United Parcel Service's test of a drone system last week marked the latest drive toward more automated — and efficient — deliveries to consumers. With e-commerce sales pegged to grow about 10 percent a year over the next two years, the move toward autonomous deliveries also includes efforts by UPS rival Federal Express, Amazon Inc. and Google (under Alphabet's Project Wing program) as well as 7-11.But further testing is needed, and federal regulations must be implemented before shoppers can expect to receive automated deliveries of the latest looks from Zara dropped off at their doorstep. But the efforts are significant as automation can save carriers billions of dollars each year on a global level.In January, Amazon successfully tested a drone system as part of its Prime Air program, while FedEx said earlier this month that it was investing in AI (artificial intelligence) and robotics as it pursues autonomous trucks for deliveries. While most of the systems are well suited for sparsely populated rural areas, drone makers — and Amazon — are working out the kinks for suburban deliveries, which includes dodging power lines and navigating tightly clustered houses.The UPS test was with a drone that launches from a truck and “autonomously delivered” a package to a home before returning to the vehicle (while the truck continued en route to other delivery locations). UPS partnered with the Workhorse Group, which is an Ohio-based electric truck and drone developer. The company said a reduction of just one mile per driver a day over a one-year period can save the company up to $50 million.Mark Wallace, UPS senior vice president of global engineering and sustainability, said the program would be ideal for "rural locations where our package cars often have to travel miles to make a single delivery.”A UPS spokesman told WWD the program is still in the testing phase. "We will be testing a variety of delivery scenarios to build our knowledge about UAV [unmanned aerial vehicle] use for commercial delivery," UPS said. "Our initial tests focused on deliveries to hard-to-reach areas. In fact, we are now using drones to delivery blood to clinics throughout Rwanda — drones are literally saving lives there. Now we are exploring how we can use drones in our day-to-day operations, and we are testing first in rural areas."The company said dense urban geographies "create challenges that may make drones less attractive (buildings impediments, lack of adequate landing locations, etc.). So, we’re looking more closely at rural areas first. In fact, rural areas are where we think we may have the most operational need for drones. These are places where UPS drivers have the longest routes and the lowest 'stop density,' as opposed to urban areas where we have higher stop density."Noteworthy is drone testing by convenience store chain 7-11, which said it made 77 drone deliveries in 2016 in Reno, Nev. — which is a more densely populated area than where other tests have been conducted. UPS, FedEx and Amazon all noted that implementing commercial UAV regulations is complex, and the UPS spokesman said there's no timeline for regulations to be passed and implemented.Yariv Bash, founder and chief executive officer of Flytrex, a drone delivery logistics company, said despite the "flashy test flights we see in the media, a lot of drone companies still have a lot of operational fine-tuning to do."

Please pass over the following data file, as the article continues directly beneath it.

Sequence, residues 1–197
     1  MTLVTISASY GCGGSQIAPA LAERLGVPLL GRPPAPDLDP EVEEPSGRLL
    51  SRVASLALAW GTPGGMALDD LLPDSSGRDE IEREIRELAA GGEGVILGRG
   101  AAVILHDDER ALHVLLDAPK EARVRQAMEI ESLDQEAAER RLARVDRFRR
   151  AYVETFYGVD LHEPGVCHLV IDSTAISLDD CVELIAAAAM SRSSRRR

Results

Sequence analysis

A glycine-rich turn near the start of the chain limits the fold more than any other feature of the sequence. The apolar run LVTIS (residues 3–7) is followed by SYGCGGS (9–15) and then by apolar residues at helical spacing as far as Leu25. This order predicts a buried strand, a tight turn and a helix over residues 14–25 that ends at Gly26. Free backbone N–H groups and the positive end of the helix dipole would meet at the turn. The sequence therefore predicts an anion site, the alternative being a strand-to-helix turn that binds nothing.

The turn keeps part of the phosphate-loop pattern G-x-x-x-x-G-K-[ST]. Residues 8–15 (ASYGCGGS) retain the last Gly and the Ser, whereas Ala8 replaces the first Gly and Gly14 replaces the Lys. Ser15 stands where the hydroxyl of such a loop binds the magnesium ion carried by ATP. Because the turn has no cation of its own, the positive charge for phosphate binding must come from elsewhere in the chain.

"Anyone paying close attention to the market can see that the technology is developing by leaps and bounds, but there’s a big difference between a onetime media stunt, and a fully operational drone logistics system," Bash noted.